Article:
The Rise of the Sassanian Elephant Corps: Elephants and the Later Roman Empire
Chanles, Michael (2007) The Rise of the Sassanian Elephant Corps: Elephants and the Later Roman Empire. Iranica Antiqua, 42, pp. 301-346.
The Sassanian Persians used elephants on various occasions against the armies of the Later Roman Empire. This article considers when elephants were first incorporated into the Sassanian army, why they were thought necessary, their deployment and equipment during the period in question, and the degree to which the Sassanian way of elephant warfare differed from that of neighbouring peoples. In addition, the paper proposes a close association between the use of elephants and Persian notions of kingship. Much emphasis is placed on the martial activities of Shapur II and the testimony of the Greek soldier-historian Ammianus Marcellinus.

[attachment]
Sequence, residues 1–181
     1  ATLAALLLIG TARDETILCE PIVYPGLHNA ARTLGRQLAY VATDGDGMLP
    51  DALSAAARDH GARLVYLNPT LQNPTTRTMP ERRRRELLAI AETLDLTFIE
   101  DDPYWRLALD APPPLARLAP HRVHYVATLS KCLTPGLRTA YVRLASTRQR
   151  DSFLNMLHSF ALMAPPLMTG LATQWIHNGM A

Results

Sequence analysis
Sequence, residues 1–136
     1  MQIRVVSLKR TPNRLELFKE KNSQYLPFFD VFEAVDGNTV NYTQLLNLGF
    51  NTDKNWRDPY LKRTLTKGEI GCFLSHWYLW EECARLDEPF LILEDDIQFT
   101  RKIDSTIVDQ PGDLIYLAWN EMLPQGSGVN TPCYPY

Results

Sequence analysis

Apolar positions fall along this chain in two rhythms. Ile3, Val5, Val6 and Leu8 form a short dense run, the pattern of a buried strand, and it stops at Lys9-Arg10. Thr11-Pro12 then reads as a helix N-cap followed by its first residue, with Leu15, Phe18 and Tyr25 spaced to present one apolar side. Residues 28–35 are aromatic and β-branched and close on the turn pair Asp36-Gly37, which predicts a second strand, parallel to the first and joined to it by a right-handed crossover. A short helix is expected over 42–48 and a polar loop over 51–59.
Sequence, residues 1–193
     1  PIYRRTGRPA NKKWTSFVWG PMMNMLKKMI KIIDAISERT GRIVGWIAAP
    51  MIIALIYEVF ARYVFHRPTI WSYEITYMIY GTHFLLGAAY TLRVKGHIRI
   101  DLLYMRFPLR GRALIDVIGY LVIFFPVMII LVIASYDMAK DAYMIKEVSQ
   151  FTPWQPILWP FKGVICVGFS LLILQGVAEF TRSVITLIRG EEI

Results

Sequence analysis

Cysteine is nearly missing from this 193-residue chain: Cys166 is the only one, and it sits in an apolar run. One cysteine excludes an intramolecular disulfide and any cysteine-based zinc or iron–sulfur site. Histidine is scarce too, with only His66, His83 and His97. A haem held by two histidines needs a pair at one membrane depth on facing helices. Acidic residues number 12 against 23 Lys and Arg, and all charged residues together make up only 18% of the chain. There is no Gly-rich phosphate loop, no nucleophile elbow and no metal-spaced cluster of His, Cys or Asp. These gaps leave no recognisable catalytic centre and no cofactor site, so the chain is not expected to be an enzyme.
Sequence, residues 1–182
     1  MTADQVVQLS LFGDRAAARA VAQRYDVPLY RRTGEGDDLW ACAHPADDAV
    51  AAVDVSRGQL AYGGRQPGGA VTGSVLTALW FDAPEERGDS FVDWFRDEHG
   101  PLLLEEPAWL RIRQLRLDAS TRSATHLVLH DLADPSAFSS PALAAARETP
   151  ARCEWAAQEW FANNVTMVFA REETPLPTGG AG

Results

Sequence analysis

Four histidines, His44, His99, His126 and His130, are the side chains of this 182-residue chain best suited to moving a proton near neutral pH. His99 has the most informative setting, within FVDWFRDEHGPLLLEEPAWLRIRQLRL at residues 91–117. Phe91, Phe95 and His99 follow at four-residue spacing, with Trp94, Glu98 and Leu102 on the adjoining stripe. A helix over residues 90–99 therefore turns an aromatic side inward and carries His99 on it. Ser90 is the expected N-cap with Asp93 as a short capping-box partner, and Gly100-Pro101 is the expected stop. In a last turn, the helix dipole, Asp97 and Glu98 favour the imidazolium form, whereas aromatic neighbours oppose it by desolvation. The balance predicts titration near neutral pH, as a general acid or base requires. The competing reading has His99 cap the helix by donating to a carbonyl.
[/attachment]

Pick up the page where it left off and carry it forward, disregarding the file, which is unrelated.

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|Item Type:||Journal Article|
|Additional Information:||For more information, please refer to the journal’s website (see link).|
|Keywords:||Sassanians, Persia, Elephants, Roman Empire, Kingship|
|Subjects:||Australian and New Zealand Standard Research Classification > HISTORY AND ARCHAEOLOGY (210000) > HISTORICAL STUDIES (210300) > Classical Greek and Roman History (210306)|
|Divisions:||Current > Research Centres > Australian Centre for Business Research|
Current > QUT Faculties and Divisions > QUT Business School
|Copyright Owner:||Copyright 2007 E.J. Brill|
|Deposited On:||27 Aug 2007|
|Last Modified:||05 Jan 2011 23:32|
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